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Talking to Children About Death

Talking about deathThis is a very difficult time for you and your family. Sometimes it is hard to find the right words to say when talking to children about death. It is okay for your child to see you sad. It lets them know they are not alone.

It is important to be honest with children about illness, injury, death, and dying. This is true for young children, too. Parents often hope to protect their children from sad news. However, children usually know when their families are avoiding serious topics. They may see it in body language and facial expressions. They may hear adults talking to each other.  For many adults, telling a child that their loved one is dead feels difficult and overwhelming.

When children are not told what is happening, they may feel anxious and worried. They may wonder what is so bad that everyone is talking about it, but no one will talk to them. Their imagination may fill in the gaps in ways that feed their fears. Many children may worry that the sadness or anger they see is their fault. This can leave children feeling confused, guilty, or ashamed.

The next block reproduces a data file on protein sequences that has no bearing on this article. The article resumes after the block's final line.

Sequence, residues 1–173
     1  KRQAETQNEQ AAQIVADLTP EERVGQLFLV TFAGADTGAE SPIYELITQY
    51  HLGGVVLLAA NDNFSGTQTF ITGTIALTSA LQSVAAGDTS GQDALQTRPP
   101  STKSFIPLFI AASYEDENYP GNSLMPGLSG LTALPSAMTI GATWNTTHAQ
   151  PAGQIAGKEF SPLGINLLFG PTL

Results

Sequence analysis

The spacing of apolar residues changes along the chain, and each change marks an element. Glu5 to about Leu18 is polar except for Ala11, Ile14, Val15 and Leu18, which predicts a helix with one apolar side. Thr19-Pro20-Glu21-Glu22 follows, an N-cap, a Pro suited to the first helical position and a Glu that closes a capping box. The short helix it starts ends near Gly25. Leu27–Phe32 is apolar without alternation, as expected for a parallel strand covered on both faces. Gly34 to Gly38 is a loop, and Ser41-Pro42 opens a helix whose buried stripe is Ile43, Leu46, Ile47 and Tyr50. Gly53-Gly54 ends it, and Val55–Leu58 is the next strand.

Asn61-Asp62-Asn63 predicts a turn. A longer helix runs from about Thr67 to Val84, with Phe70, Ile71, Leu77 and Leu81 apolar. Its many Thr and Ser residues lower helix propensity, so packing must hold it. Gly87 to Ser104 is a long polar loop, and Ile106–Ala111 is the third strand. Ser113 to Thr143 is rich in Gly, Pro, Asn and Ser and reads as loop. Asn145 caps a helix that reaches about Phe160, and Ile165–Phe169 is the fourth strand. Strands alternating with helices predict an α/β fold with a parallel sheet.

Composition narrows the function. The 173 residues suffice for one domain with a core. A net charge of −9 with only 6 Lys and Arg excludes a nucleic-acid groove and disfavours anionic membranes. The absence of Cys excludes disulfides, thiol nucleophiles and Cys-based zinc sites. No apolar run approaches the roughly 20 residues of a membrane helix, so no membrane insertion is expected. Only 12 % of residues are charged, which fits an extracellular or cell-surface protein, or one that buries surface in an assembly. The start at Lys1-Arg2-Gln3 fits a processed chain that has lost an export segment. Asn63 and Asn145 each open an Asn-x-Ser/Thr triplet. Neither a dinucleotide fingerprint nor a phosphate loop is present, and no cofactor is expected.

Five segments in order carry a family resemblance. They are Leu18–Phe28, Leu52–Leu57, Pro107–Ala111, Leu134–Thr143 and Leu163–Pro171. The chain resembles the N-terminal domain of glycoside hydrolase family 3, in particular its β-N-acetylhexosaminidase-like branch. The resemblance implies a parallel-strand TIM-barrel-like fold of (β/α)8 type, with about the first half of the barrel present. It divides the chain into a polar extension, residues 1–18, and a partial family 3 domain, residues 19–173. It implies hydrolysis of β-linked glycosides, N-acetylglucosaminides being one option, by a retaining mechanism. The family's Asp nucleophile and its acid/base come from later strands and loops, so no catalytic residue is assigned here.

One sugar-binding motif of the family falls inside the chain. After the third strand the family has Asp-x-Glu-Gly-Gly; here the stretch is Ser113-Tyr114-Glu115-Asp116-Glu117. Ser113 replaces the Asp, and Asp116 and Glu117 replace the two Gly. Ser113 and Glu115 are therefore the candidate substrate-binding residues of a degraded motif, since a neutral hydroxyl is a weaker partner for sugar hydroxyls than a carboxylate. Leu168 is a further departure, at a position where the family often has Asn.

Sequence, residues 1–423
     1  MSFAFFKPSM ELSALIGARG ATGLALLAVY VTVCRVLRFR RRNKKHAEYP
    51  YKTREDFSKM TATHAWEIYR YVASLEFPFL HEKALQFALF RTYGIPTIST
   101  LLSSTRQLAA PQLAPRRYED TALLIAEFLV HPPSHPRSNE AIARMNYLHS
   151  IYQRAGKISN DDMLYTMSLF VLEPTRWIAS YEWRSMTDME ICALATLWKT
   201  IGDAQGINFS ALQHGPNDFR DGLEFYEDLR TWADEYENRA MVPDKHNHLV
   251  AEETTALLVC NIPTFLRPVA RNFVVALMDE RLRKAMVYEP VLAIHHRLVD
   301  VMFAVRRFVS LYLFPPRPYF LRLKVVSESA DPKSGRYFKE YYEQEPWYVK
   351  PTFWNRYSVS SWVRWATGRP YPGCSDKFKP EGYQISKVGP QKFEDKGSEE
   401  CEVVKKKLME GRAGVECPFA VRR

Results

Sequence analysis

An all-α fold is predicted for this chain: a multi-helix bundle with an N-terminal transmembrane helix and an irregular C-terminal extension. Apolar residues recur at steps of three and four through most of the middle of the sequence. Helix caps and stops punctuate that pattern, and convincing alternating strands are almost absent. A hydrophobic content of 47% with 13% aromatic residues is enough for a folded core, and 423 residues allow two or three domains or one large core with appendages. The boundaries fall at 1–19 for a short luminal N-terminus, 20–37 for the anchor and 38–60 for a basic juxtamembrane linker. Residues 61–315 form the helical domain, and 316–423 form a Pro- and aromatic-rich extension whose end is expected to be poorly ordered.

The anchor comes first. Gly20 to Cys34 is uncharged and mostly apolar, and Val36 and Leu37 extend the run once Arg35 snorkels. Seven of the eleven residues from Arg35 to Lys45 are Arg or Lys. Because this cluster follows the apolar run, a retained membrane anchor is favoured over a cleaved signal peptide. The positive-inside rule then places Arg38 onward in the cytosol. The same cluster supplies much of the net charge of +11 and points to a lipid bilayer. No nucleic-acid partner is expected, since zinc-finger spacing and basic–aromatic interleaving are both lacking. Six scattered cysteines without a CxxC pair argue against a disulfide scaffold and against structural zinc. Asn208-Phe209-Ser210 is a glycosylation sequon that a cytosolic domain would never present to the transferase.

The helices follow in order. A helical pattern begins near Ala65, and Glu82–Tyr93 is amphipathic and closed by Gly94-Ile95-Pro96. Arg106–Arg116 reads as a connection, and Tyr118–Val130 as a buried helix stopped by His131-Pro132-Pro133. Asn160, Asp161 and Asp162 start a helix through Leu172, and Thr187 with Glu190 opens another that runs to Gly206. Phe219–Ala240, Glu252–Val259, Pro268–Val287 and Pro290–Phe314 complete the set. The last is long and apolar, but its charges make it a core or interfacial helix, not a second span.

Avoid vague or misleading words. When a child hears “she is sleeping,” they might think they can wake the person up. They may feel scared to go to sleep, thinking they might die, too. “Gone away,” “left us,” or “gone to a better place,” can confuse children, too. Use the words “death,” “dead,” and “dying.” Explain what these words mean. “Dead means that a person is no longer alive. They do not eat, sleep, feel, breath, or play. Dead is forever.” Give your child time to hear and process what is being said. Offer to repeat it to help them understand. Check to see if your child understands. Ask them to explain it back to you in their own words.

When sharing religious beliefs with children, be careful about what words you use. Young children have very concrete thinking. For example, “She was so good that God took her to heaven.” Young children may wonder what is wrong with them that God does not want them, too. Or they may misbehave for fear that God will take them if they are “too good.”


Print: What Do I Tell the Children?